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The Triangle - The Independent Student Newspaper at Drexel University

The C-Word

Whether you pronounce it “kaw-fee” or “kof-ee,” we can all come to the consensus that coffee’s existence is vital during the second half of the school term. Coffee addicts know there’s nothing quite like that first sip, or super-fast mindless chug, in the morning. It’s like the first breath of life, putting the drinker in the state of mind to get through the day or work through the night.

But there’s one problem: Drinking hot coffee in the summer is an unfortunate catalyst for a sticky, sweaty morning. You could wait in line at Starbucks for a $4 frozen drink you’ll have little control over, or you could make your own frosty caffeine-permeated beverage in your own home.

And another plus? No coffee maker required.

This installment of The C-Word offers three different ways to make chilled coffee: classic iced coffee, caramel iced cappuccino and chocolate cappuccino pops.

All of these frozen confections start off the same with an easy, extra-concentrated coffee mixture. Depending on how much coffee flavor the drinker prefers, regularly brewed coffee can also be used. Beware, however, that the ice and milk in these drinks may weaken the flavor of a regular cup of coffee.

For the extra-concentrated coffee base mixture you’ll need:

1 cup coffee, finely ground
8 cups hot water
2 large containers

Take a cup of your favorite coffee and grind it finer than it already is. I recommend using Wawa’s hazelnut coffee. It may cost more than your average container of Folgers or Maxwell House, but it’s worth the extra couple bucks.

Put the coffee grounds and the hot water into a large container and let it sit at room temperature for at least eight hours. Next, take a coffee filter, put it in a strainer, pour the liquid through the strainer and filter into another large container. You can store the extra-concentrated coffee in the fridge until you’re ready to use it.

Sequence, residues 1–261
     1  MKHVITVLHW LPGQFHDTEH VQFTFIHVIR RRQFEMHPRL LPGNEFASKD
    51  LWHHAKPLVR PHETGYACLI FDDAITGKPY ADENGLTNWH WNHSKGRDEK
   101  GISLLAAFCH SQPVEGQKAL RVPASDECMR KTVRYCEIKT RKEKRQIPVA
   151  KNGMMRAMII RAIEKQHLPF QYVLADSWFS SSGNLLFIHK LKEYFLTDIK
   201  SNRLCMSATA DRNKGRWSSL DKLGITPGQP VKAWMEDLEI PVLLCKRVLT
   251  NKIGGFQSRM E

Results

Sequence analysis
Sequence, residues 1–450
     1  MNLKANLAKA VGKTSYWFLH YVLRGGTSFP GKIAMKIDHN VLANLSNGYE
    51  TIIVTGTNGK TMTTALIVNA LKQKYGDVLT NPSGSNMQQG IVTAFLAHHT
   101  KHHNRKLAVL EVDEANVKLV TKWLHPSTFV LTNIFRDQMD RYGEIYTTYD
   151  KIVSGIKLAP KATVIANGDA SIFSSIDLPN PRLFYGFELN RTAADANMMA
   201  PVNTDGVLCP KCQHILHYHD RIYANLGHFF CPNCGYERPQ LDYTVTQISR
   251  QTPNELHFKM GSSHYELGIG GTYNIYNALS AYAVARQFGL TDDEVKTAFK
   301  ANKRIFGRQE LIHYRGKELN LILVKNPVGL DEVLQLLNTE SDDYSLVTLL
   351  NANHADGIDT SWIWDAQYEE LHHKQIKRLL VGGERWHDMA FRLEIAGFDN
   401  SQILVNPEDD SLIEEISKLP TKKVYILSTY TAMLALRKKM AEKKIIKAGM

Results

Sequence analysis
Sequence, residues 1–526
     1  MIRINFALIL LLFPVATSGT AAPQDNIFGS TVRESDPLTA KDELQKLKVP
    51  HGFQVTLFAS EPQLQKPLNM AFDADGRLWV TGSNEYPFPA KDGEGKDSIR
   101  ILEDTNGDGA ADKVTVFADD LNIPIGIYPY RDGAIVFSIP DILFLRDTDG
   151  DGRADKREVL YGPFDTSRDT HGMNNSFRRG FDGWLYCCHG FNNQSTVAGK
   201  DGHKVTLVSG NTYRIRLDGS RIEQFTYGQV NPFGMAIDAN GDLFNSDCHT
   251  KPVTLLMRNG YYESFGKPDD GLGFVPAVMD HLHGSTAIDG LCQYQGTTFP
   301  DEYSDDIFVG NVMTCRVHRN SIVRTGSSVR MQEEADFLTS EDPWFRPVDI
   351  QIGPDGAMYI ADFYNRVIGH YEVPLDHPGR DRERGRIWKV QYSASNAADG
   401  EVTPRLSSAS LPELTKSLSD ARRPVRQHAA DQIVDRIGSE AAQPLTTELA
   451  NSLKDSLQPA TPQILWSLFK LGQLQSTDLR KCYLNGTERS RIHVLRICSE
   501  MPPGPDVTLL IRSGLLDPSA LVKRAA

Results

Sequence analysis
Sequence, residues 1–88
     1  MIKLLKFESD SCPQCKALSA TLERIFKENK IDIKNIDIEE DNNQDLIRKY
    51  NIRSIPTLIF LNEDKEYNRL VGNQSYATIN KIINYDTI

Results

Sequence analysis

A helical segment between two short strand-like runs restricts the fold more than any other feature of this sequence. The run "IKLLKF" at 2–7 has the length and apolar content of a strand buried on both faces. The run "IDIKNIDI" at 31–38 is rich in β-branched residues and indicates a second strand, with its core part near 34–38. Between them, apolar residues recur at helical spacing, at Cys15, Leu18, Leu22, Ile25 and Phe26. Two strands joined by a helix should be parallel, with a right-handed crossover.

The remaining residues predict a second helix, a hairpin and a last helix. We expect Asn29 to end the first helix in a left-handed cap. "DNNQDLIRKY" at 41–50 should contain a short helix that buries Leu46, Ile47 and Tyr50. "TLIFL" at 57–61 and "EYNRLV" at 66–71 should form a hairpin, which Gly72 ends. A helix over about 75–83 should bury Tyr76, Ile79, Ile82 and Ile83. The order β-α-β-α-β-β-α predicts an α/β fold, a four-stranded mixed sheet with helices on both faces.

To make the perfect glass of iced coffee you’ll need:

2 ½ cups extra-concentrated coffee mixture
½ cup milk
1 to 3 tsp. sugar

First, pour a cup of the coffee mixture into an ice cube tray and put it in the freezer for at least four hours. This keeps the coffee from getting watered down when the ice melts. Next, just put the rest of the coffee, the milk and as much sugar as you’d like in a glass and stir. It’s pretty easy and super effective in the morning. Another great thing about it is that it only costs about 37 cents to make!

To make the caramel iced cappuccino you’ll need:

½ cup extra-concentrated coffee mixture
¼ cup milk
1 cup ice
2 tbsp. caramel sundae syrup
extra sugar (depending on how much of a sweet tooth you have)
whipped cream

First mix the coffee, milk, caramel and sugar in a bowl until the caramel and sugar are completely dissolved. Trader Joe’s has caramel syrup called “Fleur de Sel Caramel Sauce” for $3.99, which I think tastes a lot better than the Smuckers or Hershey brands found in the average grocery store. Trader Joe’s brand tastes like homemade caramel, but feel free to use whichever you prefer.

Blend the coffee, milk, caramel and sugar with the ice and then pour it into a mug. Finish the drink with a little dollop of whipped cream and a drizzle of caramel. A homemade caramel iced cappuccino only costs about 82 cents.

Finally, for the chocolate cappuccino pops you’ll need:

¾ cup half and half
½ cup sweetened condensed milk
1 ½ cups extra-concentrated coffee mixture
2 tbsp. chocolate syrup

First combine the half and half and ¼ cup of the sweetened condensed milk in a bowl. Pour this mixture into popsicle molds so about a half-inch of the molds are filled. Solo cups can also work as molds just fine. Put the molds into the freezer for two hours.

While that’s chilling, mix the remaining ¼ cup sweetened condensed milk with the coffee and chocolate syrup. Take the molds out of the freezer and pour the sweetened condensed milk, coffee and chocolate syrup mixture over the frozen white tops. Next, if you’re using popsicle molds, just put the sticks in and pop them in the freezer. If you’re using Solo cups, put a layer of foil over the cup and poke a popsicle stick through so the stick doesn’t end up leaning against the side of the cup.

After at least four hours, take the pops out of the fridge and run water over the molds to easily take them out and voila, it’s ready. At most, one chocolate cappuccino pop costs about 29 cents.

So save some money and time waiting in line at Starbucks during this stressful second half of the term by making your own frozen coffee drinks at home. As usual, if you have any questions or suggestions, feel free to email me at helen@thetriangle.org